The senescence.info family of sites created by researcher João Pedro de Magalhães and colleagues has grown to include a number of interesting resources, such as the AnAge database of life span information for long-lived species, and a list of people and companies working on aging or longevity science. The latest addition is GenDR, a resource for genes associated with longevity induced through calorie restriction:
Dietary restriction (DR), limiting nutrient intake from diet without causing malnutrition, retards age-related degeneration and extends lifespan in multiple organisms. DR induces multiple changes, yet its underlying mechanisms remain poorly understood. To facilitate research on the genetic and molecular mechanisms of DR-induced life-extension, we developed GenDR, a database of genes associated with DR. GenDR includes two datasets: 1) genes inferred from experiments in model organisms in which genetic manipulations cancel out or disrupt the life-extending effects of DR; 2) genes robustly altered due to DR, derived from a meta-analysis of microarray DR studies in mammals.
Understanding the genetic basis of DR is of great importance not only to the biology of ageing but to understand how diet can influence ageing, longevity, health and age-related diseases. Pharmaceutical interventions that target DR-associated genes are also an emerging area with huge potential. For more information on DR and its potential, please refer to a recent review.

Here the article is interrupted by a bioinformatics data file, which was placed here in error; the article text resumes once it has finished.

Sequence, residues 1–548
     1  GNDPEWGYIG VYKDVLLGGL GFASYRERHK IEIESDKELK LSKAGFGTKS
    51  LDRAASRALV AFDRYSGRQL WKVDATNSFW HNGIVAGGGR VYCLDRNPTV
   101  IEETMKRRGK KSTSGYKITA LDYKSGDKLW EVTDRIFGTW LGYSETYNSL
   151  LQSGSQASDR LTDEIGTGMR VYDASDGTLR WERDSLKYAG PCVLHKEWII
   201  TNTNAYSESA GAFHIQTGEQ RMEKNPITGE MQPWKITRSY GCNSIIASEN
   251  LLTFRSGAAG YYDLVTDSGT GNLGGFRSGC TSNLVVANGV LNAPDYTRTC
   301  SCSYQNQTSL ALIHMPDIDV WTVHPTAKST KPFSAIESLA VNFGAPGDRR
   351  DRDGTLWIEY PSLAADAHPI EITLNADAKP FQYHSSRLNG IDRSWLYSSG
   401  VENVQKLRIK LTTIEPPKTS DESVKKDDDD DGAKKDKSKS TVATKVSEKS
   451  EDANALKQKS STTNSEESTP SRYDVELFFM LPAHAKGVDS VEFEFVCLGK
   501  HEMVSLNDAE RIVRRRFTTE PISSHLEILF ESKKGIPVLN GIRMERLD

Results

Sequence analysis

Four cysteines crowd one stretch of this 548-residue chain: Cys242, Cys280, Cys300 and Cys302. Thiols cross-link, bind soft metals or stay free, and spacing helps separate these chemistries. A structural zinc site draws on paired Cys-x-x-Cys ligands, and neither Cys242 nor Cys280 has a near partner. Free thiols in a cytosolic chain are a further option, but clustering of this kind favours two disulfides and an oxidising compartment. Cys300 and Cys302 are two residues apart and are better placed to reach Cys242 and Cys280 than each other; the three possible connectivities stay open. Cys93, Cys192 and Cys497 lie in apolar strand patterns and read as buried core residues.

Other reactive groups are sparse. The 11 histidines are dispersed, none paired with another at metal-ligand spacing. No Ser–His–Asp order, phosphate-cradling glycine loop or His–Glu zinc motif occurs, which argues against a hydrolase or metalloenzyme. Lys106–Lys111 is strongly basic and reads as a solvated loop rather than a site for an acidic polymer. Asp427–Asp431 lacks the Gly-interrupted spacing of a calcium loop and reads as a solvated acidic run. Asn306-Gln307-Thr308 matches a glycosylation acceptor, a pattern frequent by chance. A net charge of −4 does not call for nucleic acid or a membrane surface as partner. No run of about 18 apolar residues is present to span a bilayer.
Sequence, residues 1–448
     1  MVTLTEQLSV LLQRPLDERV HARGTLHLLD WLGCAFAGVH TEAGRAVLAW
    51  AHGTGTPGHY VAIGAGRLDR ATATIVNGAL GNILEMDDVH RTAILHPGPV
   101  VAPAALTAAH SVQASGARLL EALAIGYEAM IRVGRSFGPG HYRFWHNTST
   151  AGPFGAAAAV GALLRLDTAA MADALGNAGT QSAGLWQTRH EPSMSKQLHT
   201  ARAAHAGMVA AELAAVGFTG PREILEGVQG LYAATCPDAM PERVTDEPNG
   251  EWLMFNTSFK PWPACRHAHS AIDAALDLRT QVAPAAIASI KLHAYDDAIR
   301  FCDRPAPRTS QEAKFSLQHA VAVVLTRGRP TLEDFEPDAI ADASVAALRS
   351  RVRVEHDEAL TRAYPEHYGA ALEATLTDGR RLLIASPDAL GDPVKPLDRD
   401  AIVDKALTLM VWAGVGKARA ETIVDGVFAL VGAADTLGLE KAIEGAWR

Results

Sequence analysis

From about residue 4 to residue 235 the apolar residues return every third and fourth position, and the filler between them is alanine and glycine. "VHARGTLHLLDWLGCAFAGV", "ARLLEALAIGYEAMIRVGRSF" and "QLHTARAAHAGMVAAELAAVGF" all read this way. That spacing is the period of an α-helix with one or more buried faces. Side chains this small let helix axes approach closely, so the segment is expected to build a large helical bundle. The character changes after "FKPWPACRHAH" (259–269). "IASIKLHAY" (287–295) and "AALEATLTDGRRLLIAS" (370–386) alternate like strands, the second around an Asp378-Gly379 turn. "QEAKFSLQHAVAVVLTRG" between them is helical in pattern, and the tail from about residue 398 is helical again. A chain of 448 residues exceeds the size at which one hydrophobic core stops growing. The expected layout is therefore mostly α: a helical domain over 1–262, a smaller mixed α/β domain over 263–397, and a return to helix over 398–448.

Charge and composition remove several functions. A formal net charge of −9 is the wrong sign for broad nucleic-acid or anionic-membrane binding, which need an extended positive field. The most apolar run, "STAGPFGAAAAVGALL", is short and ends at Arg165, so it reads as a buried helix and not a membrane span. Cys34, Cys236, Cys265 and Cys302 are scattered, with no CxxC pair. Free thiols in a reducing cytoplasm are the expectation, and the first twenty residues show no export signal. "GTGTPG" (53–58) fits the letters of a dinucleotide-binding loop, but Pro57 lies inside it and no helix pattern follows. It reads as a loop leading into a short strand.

While you are browsing sensence.info, you might consider following one of the header links through to the Digital Ageing Atlas, which is another interesting resource database:
The Digital Ageing Atlas is a portal of changes covering different biological levels. There are currently portals for both humans and mice. The idea is to integrate molecular, physiological and pathological age-related data and create an interactive portal that serves as the first centralised collection of ageing changes and pathologies.
There is much that could be done to expand upon these databases and the sites and tools that present the data, but I think we'll see that happen in the years ahead. The trend is definitely towards open access to scientific knowledge, and a part of that open access will be dedicated tools and presentation layers that make searching for information and learning an easier prospect.